Arundel bypass routes

There’s not much time left to respond to Highways England’s consultation on the Arundel bypass which closes on Monday 16 October. 
 
Obviously the bypass is an important issue for Arundel, but its significance extends much more widely.  Most of the traffic which endures queues at the town every day isn’t local.  It’s vital that these drivers make their views known.
 
Upgrading the A27 will also help to relieve traffic which currently ‘rat-runs’ through the South Downs, the National Park and its villages.
 
Highways England’s consultation document indicates that a bypass would reduce traffic on the A29, for instance, by as much as a third, depending on the chosen route.
 
It’s important to realise that only an offline bypass will deliver these benefits.  Option 1, which would bring the bypass through Arundel, would massively increase traffic through the town, would not deliver the time savings or anything like the same relief to the downland villages, and would sever Arundel.  It must be rejected.
 
I strongly recommend supporting a proper ‘offline’ bypass to the south of Arundel.  I still favour the original ‘pink-blue’ route, now Option 3, which was agreed decades ago by everyone, including local conservation bodies.  Some argue that a more southerly route, Option 5A, will be more feasible as it goes through less ‘replanted ancient woodland’ which is now strongly protected, even though this route passes closer to the village of Binsted.  It seems that our laws give more protection to conifers than people - although neither offline route actually goes through any properties.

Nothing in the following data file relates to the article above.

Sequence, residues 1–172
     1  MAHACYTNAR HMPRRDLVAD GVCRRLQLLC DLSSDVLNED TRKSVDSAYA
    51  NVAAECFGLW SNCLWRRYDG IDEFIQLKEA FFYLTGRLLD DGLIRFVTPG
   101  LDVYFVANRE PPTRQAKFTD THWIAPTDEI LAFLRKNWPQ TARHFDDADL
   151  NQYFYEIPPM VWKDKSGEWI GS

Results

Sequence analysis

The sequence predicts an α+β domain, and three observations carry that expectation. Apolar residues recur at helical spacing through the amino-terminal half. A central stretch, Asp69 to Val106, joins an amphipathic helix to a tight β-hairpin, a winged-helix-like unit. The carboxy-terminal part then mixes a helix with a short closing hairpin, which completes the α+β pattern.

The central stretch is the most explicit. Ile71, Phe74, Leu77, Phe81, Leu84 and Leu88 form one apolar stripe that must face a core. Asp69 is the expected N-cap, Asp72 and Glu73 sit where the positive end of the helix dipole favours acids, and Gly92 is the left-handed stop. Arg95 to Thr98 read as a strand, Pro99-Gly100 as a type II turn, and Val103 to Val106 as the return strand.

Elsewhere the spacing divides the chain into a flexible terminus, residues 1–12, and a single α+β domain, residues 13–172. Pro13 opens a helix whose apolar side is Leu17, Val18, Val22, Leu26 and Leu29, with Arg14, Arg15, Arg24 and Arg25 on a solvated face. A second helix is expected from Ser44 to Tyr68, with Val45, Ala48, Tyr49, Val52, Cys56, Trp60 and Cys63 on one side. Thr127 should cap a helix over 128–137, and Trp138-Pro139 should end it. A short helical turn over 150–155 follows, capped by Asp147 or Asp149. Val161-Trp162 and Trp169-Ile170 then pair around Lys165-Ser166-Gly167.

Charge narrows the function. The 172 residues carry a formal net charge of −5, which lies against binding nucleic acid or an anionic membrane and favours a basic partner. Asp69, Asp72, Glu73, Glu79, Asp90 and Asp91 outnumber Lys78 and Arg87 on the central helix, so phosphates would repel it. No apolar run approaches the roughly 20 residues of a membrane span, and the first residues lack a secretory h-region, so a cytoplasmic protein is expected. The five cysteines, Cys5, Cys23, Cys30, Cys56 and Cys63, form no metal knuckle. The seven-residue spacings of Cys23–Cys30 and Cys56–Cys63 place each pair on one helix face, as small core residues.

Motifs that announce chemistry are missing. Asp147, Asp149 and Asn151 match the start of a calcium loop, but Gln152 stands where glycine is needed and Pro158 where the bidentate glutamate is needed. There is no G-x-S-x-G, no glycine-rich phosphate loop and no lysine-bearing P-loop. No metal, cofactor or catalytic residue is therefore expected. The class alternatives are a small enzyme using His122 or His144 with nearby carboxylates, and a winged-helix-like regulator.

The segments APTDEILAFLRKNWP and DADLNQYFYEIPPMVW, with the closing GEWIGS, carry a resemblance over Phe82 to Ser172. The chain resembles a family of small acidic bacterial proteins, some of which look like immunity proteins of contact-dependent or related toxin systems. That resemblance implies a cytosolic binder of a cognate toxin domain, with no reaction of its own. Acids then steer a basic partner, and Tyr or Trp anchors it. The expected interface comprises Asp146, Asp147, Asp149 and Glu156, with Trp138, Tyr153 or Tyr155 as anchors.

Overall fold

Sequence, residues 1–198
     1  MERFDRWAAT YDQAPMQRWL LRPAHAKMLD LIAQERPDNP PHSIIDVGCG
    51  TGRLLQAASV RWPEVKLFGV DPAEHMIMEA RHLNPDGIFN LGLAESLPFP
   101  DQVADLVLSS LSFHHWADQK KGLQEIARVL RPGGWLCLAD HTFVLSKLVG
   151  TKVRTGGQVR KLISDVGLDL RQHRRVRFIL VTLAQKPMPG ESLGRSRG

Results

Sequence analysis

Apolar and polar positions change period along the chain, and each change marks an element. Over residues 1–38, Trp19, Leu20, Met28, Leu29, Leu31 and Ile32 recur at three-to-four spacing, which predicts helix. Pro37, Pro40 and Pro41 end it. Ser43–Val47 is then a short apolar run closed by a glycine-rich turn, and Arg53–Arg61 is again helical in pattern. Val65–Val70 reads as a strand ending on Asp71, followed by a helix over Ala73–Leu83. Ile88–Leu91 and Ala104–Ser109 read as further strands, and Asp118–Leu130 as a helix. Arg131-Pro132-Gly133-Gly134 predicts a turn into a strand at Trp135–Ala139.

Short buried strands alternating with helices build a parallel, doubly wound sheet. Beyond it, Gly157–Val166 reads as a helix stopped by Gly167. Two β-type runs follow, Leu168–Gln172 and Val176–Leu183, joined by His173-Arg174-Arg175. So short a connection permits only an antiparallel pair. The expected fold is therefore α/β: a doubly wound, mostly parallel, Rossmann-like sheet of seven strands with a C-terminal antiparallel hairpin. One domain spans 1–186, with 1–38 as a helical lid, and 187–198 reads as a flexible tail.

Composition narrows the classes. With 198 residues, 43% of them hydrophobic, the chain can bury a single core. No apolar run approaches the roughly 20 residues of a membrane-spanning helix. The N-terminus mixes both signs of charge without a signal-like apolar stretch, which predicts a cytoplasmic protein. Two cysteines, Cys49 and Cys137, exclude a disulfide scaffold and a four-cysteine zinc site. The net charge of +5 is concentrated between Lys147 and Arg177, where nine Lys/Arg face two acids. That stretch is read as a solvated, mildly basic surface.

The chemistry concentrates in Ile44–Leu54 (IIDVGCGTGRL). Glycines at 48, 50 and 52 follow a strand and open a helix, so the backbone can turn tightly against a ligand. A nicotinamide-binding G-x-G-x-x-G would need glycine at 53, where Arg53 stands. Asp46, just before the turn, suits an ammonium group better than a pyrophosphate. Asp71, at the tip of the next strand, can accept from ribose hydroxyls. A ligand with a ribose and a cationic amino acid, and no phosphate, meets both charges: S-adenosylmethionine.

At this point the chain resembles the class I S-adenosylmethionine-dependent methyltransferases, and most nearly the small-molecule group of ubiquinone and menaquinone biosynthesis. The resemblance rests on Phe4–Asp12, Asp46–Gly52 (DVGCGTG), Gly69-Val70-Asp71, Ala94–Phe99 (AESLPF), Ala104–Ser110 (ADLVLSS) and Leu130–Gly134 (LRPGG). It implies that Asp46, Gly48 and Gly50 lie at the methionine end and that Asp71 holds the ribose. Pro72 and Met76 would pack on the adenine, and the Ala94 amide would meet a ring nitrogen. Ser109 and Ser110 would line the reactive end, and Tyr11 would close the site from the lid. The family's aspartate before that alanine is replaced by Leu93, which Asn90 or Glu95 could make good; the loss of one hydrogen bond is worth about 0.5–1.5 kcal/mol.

Whichever offline route is preferred, residents of villages such as Pulborough and Storrington have a considerable interest in securing an Arundel bypass and A27 improvements generally - and they need to make their views known in the consultation.
 
There will be gains to the local economy, too, as improved roads infrastructure encourages local investment.  So business owners and residents of towns like Littlehampton and Bognor Regis should be responding to the consultation as well.
 
I believe there’s a large, mostly silent local majority that wants a bypass.  It’s important that their view isn’t drowned out by vocal opponents.  I respect all local views, many of which are sincerely held, but it’s also clear that national anti-roads campaigners are trying to stir up opposition to the bypass.
 
So I would strongly encourage local people to respond the consultation.  The document and questionnaire can be found at http://roads.highways.gov.uk/projects/a27-arundel-improvement/, and the One Arundel campaign for an offline bypass has helpful briefings on its website, https://www.onearundel.co.uk.
 
If you would like to get in touch with me, please e-mail me at nick@nickherbert.com.


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Articles

Published

3 October 2017

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